Distributed Energy Resources

Tallahassee takes key steps tied to meeting net renewable energy goals

The City of Tallahassee, Fla., recently took two significant steps toward its net renewable energy goals.

The City Commission on Feb. 26 unanimously voted to reserve a portion of the solar energy output from a solar farm to serve all city buildings and is moving forward with the implementation of an Energy Integrated Resource Planning (EIRP) process in conjunction with developing a community-wide Clean Energy Plan.

"The City of Tallahassee's 60-megawatt, airport-based solar facility, the largest of its kind in the world, is now in operation," Tallahassee Mayor John Dailey said, adding that the city is “proud to be the first of 33 public power utilities in Florida to power 100 percent of our City buildings with solar energy." 

The solar decision will direct approximately 21.2 million kilowatt hours, or roughly 26 percent, of the 80 million kilowatt hours available to the meet the city's electric needs. The remaining solar energy output will be available to city utility customers who sign up for Tallahassee Solar, the City's solar subscription program.

"Florida public power is on the leading edge of innovation when it comes to solar energy, and our communities continue to further their commitment to renewable energy," said Amy Zubaly, Florida Municipal Electric Association Executive Director. "Congratulations to the City of Tallahassee for becoming the first public power utility to fully power municipal buildings using the sun's energy."

The clean energy resolution was unanimously adopted by the City Commission on Feb. 20, 2019. The resolution outlines the city's goal of moving the organization and community to 100 percent net renewable energy by 2050 and outlined specific milestone markers. One of the markers -- to have "all City facilities using 100 percent renewable energy no later than 2035" -- was met with the Feb. 26 decision.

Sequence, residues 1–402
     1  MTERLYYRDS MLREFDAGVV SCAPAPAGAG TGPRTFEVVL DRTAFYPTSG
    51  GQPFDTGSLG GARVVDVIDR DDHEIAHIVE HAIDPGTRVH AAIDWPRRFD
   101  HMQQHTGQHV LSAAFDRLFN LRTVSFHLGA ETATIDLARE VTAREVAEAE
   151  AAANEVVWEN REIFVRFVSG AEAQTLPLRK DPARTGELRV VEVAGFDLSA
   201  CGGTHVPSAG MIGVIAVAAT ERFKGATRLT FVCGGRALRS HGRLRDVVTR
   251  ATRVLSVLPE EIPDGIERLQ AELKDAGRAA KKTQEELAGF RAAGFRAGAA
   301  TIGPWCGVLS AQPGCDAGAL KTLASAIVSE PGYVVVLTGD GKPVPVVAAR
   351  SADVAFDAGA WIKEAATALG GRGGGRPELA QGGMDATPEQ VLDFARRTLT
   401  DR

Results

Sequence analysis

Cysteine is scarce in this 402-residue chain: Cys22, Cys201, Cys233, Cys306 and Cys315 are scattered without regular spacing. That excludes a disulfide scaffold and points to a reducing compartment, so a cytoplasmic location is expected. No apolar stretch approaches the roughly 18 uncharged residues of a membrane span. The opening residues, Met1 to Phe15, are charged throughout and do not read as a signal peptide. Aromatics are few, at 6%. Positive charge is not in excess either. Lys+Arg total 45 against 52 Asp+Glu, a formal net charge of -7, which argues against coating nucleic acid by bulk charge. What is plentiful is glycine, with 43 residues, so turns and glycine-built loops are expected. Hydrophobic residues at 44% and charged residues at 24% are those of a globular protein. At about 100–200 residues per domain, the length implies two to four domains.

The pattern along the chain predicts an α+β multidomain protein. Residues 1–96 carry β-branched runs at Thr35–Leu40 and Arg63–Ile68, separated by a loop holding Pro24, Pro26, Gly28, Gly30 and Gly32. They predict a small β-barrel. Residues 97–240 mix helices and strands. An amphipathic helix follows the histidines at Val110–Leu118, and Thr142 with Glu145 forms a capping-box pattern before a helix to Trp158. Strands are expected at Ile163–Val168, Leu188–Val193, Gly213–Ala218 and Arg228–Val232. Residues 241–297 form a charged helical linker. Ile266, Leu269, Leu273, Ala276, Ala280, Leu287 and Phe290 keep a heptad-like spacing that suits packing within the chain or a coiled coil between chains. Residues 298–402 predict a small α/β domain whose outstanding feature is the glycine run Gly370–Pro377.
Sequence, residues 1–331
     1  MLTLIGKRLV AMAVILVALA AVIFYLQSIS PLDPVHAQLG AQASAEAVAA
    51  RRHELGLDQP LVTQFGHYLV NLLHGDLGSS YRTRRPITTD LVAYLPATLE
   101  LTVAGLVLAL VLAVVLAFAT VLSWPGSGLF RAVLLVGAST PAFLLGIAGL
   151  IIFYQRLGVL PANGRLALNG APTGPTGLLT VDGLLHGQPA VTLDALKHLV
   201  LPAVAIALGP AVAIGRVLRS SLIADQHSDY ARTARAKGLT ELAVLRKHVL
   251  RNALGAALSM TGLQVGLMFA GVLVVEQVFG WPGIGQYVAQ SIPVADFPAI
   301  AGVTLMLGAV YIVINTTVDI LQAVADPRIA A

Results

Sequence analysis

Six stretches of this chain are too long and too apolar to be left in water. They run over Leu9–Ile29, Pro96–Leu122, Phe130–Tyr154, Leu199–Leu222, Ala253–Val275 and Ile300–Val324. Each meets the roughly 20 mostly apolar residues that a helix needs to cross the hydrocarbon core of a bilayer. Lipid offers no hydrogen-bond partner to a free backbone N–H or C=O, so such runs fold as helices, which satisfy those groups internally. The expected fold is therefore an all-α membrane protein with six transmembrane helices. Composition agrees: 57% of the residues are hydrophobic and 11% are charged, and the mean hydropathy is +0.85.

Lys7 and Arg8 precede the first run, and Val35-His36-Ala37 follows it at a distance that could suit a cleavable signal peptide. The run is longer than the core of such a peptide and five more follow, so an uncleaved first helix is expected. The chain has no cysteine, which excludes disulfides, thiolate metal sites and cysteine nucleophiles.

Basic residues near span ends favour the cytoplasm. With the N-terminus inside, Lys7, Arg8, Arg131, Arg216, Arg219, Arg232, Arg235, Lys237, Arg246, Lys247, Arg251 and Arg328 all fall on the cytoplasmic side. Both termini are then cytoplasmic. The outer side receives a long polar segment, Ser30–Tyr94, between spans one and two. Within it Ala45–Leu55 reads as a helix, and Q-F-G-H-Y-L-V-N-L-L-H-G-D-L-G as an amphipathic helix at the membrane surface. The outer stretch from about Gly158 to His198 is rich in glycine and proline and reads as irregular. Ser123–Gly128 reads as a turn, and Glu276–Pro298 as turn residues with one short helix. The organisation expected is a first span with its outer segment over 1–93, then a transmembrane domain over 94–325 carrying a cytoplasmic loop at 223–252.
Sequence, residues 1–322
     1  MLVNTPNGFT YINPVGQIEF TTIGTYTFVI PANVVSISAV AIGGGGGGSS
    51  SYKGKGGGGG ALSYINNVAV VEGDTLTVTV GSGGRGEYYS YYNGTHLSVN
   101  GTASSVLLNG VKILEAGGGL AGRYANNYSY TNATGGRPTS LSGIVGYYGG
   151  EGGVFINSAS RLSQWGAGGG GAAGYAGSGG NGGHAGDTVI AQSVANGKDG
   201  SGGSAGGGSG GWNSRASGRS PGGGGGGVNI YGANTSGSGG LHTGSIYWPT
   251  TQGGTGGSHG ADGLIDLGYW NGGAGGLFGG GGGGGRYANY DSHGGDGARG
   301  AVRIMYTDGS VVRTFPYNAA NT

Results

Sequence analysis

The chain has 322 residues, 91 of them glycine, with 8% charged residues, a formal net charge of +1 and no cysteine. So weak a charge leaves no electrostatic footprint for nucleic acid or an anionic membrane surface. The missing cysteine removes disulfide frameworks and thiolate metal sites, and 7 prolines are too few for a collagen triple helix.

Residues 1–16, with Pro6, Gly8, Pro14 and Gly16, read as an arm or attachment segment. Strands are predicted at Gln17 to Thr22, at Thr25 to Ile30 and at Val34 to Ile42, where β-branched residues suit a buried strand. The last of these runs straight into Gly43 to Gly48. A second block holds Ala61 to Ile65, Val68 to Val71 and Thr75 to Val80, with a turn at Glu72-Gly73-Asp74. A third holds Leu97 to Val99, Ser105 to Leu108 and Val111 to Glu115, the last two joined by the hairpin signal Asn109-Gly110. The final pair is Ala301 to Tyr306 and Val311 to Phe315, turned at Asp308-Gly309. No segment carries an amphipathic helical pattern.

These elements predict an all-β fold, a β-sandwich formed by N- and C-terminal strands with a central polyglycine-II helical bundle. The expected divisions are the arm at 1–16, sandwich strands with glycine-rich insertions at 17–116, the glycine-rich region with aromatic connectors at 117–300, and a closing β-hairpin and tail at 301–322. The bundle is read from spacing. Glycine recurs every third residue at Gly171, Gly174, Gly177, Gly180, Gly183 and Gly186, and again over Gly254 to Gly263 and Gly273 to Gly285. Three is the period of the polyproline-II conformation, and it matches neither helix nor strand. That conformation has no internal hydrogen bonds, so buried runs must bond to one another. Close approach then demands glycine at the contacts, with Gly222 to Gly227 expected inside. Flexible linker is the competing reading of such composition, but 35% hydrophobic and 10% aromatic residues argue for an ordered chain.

The EIRP process is a multifaceted planning process that considers long-term energy system needs and various power supply alternatives; seeks to develop plans that balance supply side, demand side and community priorities; and ensures reliable operations that meet all regulatory, environmental and societal requirements. This process will lead to the development of the city's Clean Energy Plan and will include opportunities for public engagement.

The City's first utility-scale solar farm became operational in January 2018. Before the 20-MW, 120-acre facility was complete, its expected energy output was 100 percent accounted for by City utility customers.

With continued demand for solar energy, the city began construction on its second solar farm, a 40-MW, 280-acre facility, which was recently completed. Combined, the farms bring the city's total solar energy output to roughly 120-million kilowatt hours annually.

Moving forward, the city said it will continue to support its commitment to sustainability by implementing key pieces outlined in the resolution. Already, the City's electric utility has reduced emissions beyond the set goals for both the 2020 Paris Accord and the Kyoto protocol and is on track to surpass the 2025 Paris Accord goal soon.